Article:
Wednesday, November 23, 2016
On This Week in 2005: A Bit of the Unusual
Writing these monthly posts is always a trip down Memory Lane. How much do I remember about this book or that one? Do I still read this author's books? Do I even read that genre anymore? A person's reading tastes can certainly change over the years.
When I looked through my 2005 book journal to see what I'd been reading at this time eleven years ago, I discovered that I was sampling a bit of the unusual. Let's take a look--
It will undoubtedly surprise a few of you that I enjoy reading stories set in medieval Japan (probably because it's been a while since I have). This enjoyment of mine began with the excellent television mini-series Shōgun. When I learned that it was based on a novel by James Clavell, I had to read it. As a result, I became both a Clavell fan and a quasi-student of Japanese history.
Lian Hearn's Across the Nightingale Floor is the first of her "Tales of the Otori"-- a series of four books set in an imaginary, ancient Japanese society dominated by warring clans. Takeo is a young boy, plucked from his remote village, who becomes a pawn in a political scheme.
It is a fabulous story that I remember to this day-- including my delight when I learned what a "nightingale floor" was. Let's say you are a warlord with many enemies trying to kill you. You're going to need to sleep sometime, but how? You can't even trust your own men, let alone those pesky ninjas. Sleep in a room with a specially constructed floor that will squeak hideously at the slightest movement upon it... a nightingale floor.
The entire Tales of the Otori series is well worth the read if you like this sort of thing, but if you only want to "test the waters," please choose this one! (Can you tell that I rated it an A+?)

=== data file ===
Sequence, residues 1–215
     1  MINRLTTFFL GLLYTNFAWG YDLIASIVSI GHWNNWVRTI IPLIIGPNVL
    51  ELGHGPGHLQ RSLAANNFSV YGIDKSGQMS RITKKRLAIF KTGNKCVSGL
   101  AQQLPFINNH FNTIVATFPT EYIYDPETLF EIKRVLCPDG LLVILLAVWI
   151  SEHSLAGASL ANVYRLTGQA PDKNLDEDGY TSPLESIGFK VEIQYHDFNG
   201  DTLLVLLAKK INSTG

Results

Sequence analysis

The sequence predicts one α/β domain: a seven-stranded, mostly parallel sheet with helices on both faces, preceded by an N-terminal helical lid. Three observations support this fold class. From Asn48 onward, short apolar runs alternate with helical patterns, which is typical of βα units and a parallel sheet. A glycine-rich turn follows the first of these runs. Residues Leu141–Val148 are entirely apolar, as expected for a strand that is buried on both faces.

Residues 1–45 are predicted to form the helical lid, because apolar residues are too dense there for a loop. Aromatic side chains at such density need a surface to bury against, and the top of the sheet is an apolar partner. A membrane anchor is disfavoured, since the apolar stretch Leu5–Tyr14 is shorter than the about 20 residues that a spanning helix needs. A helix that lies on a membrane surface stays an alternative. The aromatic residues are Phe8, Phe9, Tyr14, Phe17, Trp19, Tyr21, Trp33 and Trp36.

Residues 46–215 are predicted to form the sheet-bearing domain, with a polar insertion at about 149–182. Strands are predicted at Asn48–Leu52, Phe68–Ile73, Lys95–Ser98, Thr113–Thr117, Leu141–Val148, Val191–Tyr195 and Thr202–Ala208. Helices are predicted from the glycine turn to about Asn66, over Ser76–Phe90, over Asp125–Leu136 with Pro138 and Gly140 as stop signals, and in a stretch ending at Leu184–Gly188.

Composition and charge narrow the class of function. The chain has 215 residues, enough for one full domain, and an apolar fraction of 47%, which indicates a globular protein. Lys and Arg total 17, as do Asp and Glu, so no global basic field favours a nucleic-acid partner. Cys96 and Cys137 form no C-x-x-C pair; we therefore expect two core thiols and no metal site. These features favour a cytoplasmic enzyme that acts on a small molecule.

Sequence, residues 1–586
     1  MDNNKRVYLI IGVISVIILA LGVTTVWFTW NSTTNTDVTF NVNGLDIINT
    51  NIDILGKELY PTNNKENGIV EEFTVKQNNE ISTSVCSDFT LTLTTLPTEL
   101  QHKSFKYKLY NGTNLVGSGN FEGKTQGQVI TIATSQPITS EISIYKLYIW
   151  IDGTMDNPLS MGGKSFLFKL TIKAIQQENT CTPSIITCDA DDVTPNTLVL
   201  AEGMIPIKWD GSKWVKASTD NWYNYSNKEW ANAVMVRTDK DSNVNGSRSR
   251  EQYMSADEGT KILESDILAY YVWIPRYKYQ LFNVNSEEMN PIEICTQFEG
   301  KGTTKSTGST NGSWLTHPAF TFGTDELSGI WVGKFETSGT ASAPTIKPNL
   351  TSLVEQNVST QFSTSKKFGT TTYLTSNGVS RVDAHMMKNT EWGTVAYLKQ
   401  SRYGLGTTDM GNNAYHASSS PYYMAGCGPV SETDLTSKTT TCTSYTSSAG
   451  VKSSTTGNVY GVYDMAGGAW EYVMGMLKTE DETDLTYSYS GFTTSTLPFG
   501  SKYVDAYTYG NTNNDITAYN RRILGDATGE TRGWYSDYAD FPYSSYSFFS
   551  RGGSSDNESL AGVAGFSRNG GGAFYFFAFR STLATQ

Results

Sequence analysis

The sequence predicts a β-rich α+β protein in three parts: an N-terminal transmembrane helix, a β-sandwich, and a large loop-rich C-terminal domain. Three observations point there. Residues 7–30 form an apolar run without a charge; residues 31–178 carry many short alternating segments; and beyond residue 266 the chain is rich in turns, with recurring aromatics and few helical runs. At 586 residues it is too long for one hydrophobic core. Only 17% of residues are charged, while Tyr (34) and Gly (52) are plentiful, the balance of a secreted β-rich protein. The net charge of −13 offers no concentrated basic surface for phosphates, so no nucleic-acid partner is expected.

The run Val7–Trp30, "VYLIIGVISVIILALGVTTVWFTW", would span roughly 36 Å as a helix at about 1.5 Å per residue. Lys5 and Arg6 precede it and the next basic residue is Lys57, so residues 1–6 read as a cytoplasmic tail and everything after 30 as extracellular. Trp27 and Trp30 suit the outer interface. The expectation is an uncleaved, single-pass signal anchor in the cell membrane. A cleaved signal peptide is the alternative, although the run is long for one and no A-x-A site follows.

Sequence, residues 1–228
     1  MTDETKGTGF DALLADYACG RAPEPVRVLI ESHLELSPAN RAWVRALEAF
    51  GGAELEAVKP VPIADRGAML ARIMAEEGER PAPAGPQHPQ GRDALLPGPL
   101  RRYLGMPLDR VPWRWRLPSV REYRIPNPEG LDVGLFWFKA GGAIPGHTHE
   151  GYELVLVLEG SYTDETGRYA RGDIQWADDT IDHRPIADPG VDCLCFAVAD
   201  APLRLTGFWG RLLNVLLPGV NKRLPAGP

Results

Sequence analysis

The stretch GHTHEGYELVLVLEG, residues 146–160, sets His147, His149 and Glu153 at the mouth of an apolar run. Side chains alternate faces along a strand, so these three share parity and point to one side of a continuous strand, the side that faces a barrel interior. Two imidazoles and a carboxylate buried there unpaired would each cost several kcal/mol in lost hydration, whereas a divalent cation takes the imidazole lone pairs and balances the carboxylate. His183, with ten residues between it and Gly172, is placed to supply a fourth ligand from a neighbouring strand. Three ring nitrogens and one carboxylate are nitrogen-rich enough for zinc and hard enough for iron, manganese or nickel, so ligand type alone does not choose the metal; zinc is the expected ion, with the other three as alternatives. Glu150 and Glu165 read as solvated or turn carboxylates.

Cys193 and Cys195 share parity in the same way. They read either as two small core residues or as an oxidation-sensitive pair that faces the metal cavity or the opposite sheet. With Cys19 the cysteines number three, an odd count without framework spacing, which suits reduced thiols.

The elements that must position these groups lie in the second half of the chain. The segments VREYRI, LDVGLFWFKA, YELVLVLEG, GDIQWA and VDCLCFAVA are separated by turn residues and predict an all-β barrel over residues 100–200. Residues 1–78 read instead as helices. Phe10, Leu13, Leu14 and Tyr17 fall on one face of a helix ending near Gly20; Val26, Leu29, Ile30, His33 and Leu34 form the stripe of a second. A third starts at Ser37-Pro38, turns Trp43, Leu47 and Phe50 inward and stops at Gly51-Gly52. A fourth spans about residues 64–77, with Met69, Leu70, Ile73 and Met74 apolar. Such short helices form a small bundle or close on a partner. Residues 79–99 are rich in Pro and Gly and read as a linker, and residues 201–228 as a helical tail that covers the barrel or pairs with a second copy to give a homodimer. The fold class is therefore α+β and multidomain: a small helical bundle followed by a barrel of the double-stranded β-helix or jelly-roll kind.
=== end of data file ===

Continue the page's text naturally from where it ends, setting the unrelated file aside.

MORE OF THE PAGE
Carol O'Connell's Mallory's Oracle is her first Kathy Mallory mystery published in 1994. Kathy is not your usual main character. As a child, she was a thief living on the streets of New York City when Detective Louis Markowitz rescued her and raised her in his home. Ten years later, Mallory's early criminal instincts and her intelligence have been channeled into computer science for the NYPD. When Markowitz is found murdered, Mallory-- forced to take a leave from the department-- decides to seek vengeance on her own.
I think Mallory was one of the first main characters to be radically "different" in terms of intelligence, behavior, and how she viewed the world that I came in contact with in modern fiction. In this first book, she really doesn't have much use for humans outside of the man who rescued her, and although I have no problem with characters who are different, I never warmed up to her, and I didn't continue with the series. I rated it an extremely respectable B+, but the desire to continue just wasn't there.
No Human Involved is Barbara Seranella's first "Munch" Mancini mystery published in 1997. Seranella wrote a lot of herself into her main character, and from everything I've read and heard, she was an exceptional person who died much too soon of kidney failure.
"Munch" has been a heroin addict forced to steal and turn tricks to support her habit, but now she is determined to stay clean, earn an honest living (as an auto mechanic), and be normal-- mostly due to Asia, a little girl Munch is raising as her own.
There is so much honesty, so much heart, so much sheer will in Munch that you can't help but want her to succeed. She knows what rock bottom is, and she doesn't ever-- ever-- want to be there again.
Seranella knows how to write good, solid mysteries, but it's the powerful combination of Munch and of Seranella's bone-deep honesty and humanity that makes me mourn the author's death to this day. What an exceptional talent!
What was my rating of No Human Involved? A.
And thus endeth my look back at the unusual stories and characters I read about eleven years ago. That's some very, very good reading!